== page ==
When it comes to writing, I have rituals and such that get me through the process of a writing session. Generally certain things have to be true for it to work. It shouldn’t be that way, but it helps that those rules are almost always satisfied, so writing gets done. I usually need a drink. I need something to block out the sounds. A cafe generally satisfies most my ritual demands, but at a pinch I can write almost anywhere else too.
When it comes to the tools of my trade I’ve come across plenty of things to record and save the words of my imagination. End of the day, though, I typically come back to OpenOffice. It’s cross platform. It displays the words on the screen. It saves the words into a document. It tells me how many words the document is. Anything more than that is superfluous as far as I’m concerned.
So if someone tells me to check out something more than a white sheet on the screen with a save button, I’m skeptical. Scrivener at first glance is all sorts of complex. It’s got bits on the right and left. It’s got categories and such. So many buttons. Complications that are lost on me. Something I’d never want to engage.
During the recent Camp Nanowrimo I decided to check it out, under the warm recommendations of a few people. Furthermore, it would be 50% off if I ‘won’ my Camp target. Easy. I’d write my Nano-efforts in this thing, and I’d explore it with the planning and plotting of my new teen novel.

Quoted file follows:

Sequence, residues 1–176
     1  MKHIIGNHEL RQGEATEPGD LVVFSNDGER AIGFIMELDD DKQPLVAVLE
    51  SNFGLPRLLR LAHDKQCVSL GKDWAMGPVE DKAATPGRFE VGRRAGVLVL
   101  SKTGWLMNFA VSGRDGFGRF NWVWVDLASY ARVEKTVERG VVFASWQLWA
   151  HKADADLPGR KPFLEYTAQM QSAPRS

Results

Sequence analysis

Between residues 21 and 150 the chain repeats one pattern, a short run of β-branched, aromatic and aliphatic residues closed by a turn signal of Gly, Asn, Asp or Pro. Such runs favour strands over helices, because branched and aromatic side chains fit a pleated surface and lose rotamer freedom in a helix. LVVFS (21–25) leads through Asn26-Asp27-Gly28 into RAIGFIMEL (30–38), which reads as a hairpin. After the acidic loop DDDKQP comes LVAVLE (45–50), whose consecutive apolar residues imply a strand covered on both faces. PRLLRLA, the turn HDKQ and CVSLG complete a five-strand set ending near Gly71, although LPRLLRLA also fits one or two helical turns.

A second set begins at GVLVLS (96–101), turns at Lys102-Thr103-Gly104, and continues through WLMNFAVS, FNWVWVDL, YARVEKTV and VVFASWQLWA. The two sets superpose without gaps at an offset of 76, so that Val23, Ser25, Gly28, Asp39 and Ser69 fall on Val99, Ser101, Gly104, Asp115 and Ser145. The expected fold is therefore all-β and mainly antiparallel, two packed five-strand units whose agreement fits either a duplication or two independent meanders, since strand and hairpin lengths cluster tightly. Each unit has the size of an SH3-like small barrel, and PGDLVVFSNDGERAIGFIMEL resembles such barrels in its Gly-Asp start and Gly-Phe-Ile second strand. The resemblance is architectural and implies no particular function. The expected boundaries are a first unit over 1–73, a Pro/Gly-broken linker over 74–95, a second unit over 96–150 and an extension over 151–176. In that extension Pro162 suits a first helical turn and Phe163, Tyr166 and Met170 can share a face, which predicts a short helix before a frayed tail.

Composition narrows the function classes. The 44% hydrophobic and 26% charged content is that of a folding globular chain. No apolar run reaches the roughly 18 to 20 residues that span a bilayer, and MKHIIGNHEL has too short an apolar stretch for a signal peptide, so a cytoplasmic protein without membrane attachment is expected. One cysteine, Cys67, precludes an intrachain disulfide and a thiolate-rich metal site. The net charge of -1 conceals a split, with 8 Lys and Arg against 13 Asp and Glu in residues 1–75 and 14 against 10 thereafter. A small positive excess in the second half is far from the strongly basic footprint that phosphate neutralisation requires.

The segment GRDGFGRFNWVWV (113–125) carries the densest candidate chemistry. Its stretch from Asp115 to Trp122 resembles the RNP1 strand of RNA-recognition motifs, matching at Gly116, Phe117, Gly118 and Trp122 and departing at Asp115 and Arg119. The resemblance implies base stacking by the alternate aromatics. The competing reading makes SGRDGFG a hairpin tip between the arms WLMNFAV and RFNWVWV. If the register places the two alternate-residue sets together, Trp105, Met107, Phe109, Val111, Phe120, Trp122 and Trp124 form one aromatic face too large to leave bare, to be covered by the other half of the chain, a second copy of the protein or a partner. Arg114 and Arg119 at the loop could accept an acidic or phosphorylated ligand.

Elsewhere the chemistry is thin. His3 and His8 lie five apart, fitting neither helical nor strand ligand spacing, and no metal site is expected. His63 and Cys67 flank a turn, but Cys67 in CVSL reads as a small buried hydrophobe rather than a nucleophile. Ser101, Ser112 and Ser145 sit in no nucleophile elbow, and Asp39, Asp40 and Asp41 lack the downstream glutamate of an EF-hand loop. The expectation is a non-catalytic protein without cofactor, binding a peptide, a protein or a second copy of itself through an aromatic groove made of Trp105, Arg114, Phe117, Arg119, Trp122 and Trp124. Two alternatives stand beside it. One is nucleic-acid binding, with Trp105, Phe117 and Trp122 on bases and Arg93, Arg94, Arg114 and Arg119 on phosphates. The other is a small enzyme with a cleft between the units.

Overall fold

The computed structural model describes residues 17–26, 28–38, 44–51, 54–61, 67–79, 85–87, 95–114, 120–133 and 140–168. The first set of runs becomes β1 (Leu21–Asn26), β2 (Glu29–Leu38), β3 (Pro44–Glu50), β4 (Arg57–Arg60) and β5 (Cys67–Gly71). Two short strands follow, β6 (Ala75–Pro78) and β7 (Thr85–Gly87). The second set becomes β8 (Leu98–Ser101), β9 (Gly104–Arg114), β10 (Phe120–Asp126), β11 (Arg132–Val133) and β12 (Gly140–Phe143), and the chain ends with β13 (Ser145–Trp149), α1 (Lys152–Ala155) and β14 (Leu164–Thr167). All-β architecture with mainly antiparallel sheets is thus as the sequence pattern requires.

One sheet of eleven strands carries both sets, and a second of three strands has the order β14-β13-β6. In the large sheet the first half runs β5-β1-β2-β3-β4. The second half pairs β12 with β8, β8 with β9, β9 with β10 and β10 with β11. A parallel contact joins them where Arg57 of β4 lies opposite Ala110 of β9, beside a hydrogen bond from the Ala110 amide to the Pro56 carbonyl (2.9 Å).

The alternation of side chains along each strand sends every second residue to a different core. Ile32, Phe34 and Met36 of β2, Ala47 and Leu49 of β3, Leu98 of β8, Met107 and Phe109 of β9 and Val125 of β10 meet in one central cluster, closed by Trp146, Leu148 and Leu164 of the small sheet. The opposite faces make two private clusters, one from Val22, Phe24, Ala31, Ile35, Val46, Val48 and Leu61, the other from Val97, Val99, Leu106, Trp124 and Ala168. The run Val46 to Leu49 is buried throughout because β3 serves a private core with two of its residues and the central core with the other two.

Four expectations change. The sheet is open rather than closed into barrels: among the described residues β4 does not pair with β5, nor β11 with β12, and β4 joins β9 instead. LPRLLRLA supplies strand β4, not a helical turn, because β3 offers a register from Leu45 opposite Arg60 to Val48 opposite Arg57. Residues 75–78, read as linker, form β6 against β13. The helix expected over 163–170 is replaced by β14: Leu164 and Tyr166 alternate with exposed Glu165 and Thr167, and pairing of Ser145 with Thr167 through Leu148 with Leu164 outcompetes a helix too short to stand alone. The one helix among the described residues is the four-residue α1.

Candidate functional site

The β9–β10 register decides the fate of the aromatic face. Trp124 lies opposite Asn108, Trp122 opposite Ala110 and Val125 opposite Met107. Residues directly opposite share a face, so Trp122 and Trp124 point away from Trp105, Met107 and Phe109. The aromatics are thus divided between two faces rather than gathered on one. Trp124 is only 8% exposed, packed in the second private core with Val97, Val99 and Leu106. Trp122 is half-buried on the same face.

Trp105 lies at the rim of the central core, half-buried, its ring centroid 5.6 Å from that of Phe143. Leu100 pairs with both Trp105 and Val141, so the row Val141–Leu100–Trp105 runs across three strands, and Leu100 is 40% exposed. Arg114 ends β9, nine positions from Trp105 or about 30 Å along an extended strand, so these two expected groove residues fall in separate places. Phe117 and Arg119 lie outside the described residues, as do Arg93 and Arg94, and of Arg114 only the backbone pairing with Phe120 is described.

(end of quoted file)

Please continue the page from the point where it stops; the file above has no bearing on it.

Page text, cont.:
Ah, how seductive. If there’s one thing that OpenOffice or the simple solutions don’t give you, it’s a place to put all your details. I’ve taken many different approaches. Directories filled with draft versions and note files and character files, but none of my solutions come close to the all-in-one-place beauty of Scrivener. A month with Scrivener warmed me to the possibilities. And my new novel is damn well plotted in the thing.
Congratulations, Scrivener. You won me over. I’ll pay the purchase price to continue using you after Camp Nano. Thanks for 50% off.
But then the most horrible thing happened that no author ever wants to see. I opened up my Scrivener to continue where I left off, hacking and slashing my main character through his challenges, and my progress was gone. You don’t have to be a writer to experience this total panic. Being a student whose working on an essay will do. There one moment, gut wrenching fear gone the next.
Thankfully Scrivener has a solution to this problem. Backups every time you leave the application. So it was just a matter of restoring a prior backup. But it still happened in the first place. To be fair, it might not actually have been Scriveners fault that my writing progress went on a curious sojourn. The fact that I save all my writing directly into Google Drive, that then updates it all to the cloud might have confused Scrivener. Or Scrivener might have confused Google Drive.
Fault not withstanding, it’s a sudden fear enough to scare a writer away.
Getting over this horrible fear and considering I’ve plotted a novel using this system, it gets a reprieve and I’ll probably buy it tonight. The 50% off price tag goes a long way towards taking a further chance on something like this. I’m a creature of habit. I have to be. It’s how I sit down and write every day. I don’t move easily from my processes.